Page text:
Spikes, a two-time Pro Bowler for the Bills, had asked the organization for a trade because he didn't want to partake in its rebuilding effort. Coming off a 70-tackle season, his first since tearing his Achilles tendon in September 2005, many believed the 31-year-old was on his way to becoming a dominant linebacker once again. That didn't happen in 2007, though, as Spikes had a quiet season for the 8-8 Eagles (85 tackles, one sack, zero forced turnovers) -- who were only one victory better than the seven-win Bills -- and was released Thursday.
On the opposite end, Walker was supposed to bring a pass-rushing element to the middle of Buffalo's defense, but he held out because the team wouldn't give him a new contract. As a result, Walker was traded to the Chicago Bears -- who gave him a five-year, $25 million deal -- in the summer for a fifth-round pick in this year's draft. In 11 games last year for the ultra-disappointing Bears, champions of the NFC in 2006, Walker amassed 17 tackles and only one sack.
Finally, Philadelphia traded Holcomb to the Minnesota Vikings in August; thus, he never actually suited up for a meaningful game as an Eagle. Holcomb, 34, is now a free agent.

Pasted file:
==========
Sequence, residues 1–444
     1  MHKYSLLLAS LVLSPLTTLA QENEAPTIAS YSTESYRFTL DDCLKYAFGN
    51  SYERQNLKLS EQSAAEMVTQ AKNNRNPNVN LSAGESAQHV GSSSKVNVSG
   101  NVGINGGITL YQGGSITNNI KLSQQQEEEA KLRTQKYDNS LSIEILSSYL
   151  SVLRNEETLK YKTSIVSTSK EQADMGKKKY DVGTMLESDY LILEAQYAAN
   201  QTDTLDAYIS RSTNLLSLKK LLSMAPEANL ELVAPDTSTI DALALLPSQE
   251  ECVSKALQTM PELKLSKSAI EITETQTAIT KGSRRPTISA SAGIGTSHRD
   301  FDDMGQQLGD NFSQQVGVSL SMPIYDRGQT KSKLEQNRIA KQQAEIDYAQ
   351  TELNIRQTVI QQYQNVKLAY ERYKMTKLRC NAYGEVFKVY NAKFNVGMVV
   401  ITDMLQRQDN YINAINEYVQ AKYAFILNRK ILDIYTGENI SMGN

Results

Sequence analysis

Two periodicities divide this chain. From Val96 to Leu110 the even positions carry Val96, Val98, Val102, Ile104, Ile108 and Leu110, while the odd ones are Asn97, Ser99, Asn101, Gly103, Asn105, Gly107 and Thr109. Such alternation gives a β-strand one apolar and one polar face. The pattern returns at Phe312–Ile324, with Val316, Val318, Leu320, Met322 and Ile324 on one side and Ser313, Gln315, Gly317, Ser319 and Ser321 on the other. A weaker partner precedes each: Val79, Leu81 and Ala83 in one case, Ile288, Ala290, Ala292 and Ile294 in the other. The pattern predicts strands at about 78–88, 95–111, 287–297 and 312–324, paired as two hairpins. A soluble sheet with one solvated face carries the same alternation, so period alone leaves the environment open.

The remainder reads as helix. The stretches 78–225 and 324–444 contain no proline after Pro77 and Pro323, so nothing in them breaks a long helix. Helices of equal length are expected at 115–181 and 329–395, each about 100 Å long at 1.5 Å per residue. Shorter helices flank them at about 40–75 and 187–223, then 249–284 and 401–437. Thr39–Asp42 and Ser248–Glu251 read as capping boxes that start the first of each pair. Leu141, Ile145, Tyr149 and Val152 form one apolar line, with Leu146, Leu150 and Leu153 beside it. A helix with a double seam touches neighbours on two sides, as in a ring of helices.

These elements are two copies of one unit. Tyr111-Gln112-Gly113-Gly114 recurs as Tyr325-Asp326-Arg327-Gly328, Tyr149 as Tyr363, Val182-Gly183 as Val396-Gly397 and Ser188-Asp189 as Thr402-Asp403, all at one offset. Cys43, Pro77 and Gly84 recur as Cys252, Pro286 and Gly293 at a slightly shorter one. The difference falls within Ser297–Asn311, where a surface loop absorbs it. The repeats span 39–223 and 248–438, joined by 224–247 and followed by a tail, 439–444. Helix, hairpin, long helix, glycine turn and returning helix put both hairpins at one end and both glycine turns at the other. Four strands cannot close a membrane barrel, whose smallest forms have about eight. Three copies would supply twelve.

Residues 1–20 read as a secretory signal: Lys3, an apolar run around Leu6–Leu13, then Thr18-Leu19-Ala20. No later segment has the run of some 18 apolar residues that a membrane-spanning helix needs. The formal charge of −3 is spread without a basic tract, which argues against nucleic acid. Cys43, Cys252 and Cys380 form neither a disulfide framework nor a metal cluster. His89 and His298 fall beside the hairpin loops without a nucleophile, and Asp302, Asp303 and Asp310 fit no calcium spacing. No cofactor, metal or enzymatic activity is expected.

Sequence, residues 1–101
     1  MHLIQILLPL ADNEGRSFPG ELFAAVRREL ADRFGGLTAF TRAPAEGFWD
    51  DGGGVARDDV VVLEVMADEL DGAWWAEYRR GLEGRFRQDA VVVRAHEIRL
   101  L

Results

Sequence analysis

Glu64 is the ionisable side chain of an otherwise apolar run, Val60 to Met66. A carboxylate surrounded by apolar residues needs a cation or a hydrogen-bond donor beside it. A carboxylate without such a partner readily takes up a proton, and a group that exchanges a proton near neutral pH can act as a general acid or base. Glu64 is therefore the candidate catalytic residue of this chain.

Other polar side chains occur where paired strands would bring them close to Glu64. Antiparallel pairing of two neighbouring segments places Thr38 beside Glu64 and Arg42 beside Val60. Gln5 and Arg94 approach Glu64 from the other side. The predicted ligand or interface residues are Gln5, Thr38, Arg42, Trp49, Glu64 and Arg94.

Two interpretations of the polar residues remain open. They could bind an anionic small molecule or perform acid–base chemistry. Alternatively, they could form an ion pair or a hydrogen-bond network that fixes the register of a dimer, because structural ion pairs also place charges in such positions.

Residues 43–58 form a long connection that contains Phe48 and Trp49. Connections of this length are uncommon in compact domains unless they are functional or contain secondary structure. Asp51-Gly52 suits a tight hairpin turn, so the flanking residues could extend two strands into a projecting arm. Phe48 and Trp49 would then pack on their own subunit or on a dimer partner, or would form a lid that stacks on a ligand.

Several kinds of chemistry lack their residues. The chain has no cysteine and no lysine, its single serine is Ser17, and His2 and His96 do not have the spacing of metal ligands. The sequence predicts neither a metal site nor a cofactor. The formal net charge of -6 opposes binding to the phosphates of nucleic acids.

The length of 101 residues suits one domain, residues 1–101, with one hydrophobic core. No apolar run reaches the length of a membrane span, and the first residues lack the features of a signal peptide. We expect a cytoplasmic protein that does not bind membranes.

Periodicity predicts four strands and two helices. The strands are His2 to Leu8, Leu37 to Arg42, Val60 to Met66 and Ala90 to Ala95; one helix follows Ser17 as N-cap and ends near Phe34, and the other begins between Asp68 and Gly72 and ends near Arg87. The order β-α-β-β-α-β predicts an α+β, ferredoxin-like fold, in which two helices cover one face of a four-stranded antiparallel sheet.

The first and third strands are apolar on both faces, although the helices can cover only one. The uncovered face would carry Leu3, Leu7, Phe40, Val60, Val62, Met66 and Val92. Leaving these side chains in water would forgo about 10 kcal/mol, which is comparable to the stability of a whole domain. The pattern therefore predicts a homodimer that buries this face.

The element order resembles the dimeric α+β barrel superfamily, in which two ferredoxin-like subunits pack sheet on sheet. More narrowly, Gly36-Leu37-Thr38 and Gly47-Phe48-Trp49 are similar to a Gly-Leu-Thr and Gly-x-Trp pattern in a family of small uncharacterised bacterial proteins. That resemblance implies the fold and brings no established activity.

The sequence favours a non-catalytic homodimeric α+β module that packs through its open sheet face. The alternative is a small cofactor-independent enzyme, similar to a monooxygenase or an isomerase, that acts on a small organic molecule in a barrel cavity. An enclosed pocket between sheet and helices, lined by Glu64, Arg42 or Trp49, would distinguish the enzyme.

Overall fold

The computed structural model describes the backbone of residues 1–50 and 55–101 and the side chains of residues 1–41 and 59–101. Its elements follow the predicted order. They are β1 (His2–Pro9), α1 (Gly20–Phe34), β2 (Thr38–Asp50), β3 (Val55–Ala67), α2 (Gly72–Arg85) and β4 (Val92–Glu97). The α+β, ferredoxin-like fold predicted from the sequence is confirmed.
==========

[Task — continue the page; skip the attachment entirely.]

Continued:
Oddly, three of the pieces from the nearly one-year-old trade have failed to pan out in their new settings. (The jury is still out on Walker, to an extent, and Buffalo will use its seventh-rounder from the Eagles in April.) Originally, it was viewed as a deal that would benefit both sides: Buffalo was supposed to receive much-needed help at D-tackle; Philadelphia thought it was getting a rejuvenated Spikes.
Wrong and wrong.
One of the two picks remaining from that highly publicized trade was the fifth-rounder the Bills received from the Bears for Walker. Last weekend, though, Buffalo dealt that choice (along with a third-rounder) to the Jacksonville Jaguars for another DT, three-time All-Pro Marcus Stroud.
Unlike Walker, who views himself as an elite defender but actually isn't, Stroud is a top-flight tackle. As long as the 30-year-old is fully recovered from an ankle injury that has hampered him the last two seasons -- and there's no reason to believe he isn't -- then the Bills, one year later, will have finally found the solution to their woes in the defensive middle.
Should Stroud have an immediate and lasting impact in Buffalo, ex-general manager Marv Levy's decision to trade an over-the-hill linebacker and an inconsequential quarterback for Walker last March and then refuse to meet Walker's contractual demands might inadvertently go down as one of the best in recent Bills history -- especially if the seventh-round choice bears fruit.
Funny how things turn out sometimes, isn't it?